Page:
Shelby County, Tenn., Rejects Proposed Social Media Policy After KKK Post

A former Shelby County Official recently posted on Facebook that the Ku Klux Klan was "more American" than "illegal" President Barack Obama.

by Ryan Poe, The Commercial Appeal, Memphis, Tenn. / February 21, 2017
Photo Courtesy of Shutterstock

(TNS) -- The Shelby County Commission on Monday rejected a new social media policy proposed after a then-official with the county Corrections Division said the Ku Klux Klan was "more American" than "illegal" President Barack Obama in a Facebook post.

The Board of Commissioners voted 6-4 for the policy, short of the seven votes needed for approval, following an impassioned defense of free speech by Commissioner Walter Bailey Jr. What people post on their own time and social media accounts should be up to them, Bailey said, even if he disagreed with them, as in the case of former Corrections Division Deputy Director David Barber, who resigned after the controversy in November 2016.

"That's my time. That's my freedom. That's what this country is about," Bailey said.

The county already has policies in place that forbid derogatory comments and discrimination, which county officials said would apply to social media even if the new policy wasn't approved.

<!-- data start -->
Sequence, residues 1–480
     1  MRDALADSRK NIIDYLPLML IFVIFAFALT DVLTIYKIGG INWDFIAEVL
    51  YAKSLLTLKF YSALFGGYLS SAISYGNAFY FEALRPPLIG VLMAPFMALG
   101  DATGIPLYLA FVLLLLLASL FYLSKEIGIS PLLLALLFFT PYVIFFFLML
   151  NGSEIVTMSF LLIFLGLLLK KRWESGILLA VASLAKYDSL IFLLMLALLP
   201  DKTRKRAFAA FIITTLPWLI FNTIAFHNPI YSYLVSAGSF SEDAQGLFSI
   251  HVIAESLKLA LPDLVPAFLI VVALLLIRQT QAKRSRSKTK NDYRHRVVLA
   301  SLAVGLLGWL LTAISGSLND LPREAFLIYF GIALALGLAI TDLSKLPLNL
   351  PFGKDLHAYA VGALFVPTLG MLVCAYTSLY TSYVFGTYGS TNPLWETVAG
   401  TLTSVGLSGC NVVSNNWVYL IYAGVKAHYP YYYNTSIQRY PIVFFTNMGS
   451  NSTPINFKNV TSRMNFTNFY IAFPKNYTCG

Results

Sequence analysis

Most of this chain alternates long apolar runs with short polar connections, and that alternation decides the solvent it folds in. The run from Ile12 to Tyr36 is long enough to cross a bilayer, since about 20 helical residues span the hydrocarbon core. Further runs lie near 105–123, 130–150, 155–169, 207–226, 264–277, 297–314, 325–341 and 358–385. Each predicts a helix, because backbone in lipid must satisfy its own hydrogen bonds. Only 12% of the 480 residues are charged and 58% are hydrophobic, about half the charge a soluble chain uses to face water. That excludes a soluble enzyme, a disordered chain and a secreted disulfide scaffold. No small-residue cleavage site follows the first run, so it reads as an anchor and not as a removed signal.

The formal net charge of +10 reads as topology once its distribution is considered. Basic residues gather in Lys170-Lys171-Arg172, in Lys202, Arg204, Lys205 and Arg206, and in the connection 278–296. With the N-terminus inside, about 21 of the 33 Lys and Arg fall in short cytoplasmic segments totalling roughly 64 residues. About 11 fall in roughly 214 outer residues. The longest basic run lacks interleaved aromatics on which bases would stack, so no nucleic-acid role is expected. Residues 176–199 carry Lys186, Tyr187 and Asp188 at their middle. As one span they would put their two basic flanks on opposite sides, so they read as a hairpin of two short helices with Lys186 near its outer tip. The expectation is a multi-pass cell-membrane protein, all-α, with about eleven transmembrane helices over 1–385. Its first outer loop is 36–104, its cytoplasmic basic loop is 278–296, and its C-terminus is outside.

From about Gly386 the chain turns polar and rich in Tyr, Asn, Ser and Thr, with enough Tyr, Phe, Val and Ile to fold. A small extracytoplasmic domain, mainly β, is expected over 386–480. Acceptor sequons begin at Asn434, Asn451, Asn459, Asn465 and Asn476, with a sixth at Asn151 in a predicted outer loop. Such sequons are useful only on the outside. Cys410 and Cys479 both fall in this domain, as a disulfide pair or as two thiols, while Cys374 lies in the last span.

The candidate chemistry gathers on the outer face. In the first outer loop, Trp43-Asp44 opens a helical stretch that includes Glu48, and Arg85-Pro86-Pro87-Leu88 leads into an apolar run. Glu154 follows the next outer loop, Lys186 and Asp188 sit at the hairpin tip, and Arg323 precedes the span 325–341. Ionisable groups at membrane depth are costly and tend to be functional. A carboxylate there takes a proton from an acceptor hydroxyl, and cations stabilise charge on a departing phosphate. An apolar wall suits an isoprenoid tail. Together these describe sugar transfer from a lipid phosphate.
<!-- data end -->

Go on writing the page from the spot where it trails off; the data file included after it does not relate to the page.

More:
Joining Bailey in opposing the policy were Terry Roland, Steve Basar and chairman Melvin Burgess. Commissioners Heidi Shafer, David Reaves, Willie Brooks Jr., Mark Billingsley, Reginald Milton and Van Turner voted for the policy. Commissioner Eddie Jones Jr. abstained, and Justin Ford left the room prior to the vote.

The amended version of the policy would have required the employees of the county, like at most major private companies, to abstain from social media posts that "unlawfully disparage" or "malign" people based on "race, religion, gender, sexual orientation, disability, or national origin or any other protected class of individuals."

Bailey, an attorney who successfully litigated several landmark civil rights cases, said the policy was First Amendment lawsuit waiting to happen.

"I wouldn't be loathe to take the case at all," he said. "I would jump on it."

The discussion heated up when Roland, in making a point about commissioners not wanting to be judged for personal statements, said Billingsley didn't want Cary Vaughn, who heads a local Christian ministries group, to become chairman of the Shelby County Republican Party because Vaughn was "too Baptist." Billingsley called that an "absolute lie" and an "inappropriate" remark.

Billingsley went on to say a good policy was the "first line of defense" for the county to protect its reputation and values when employees act out on social media.

"We're not asking to tell our employees what to say or not to say," he said. "...We are not going to be the first government to have a social media policy."

Jones said he was uncomfortable with the policy's "gray areas."

©2017 The Commercial Appeal (Memphis, Tenn.) Distributed by Tribune Content Agency, LLC.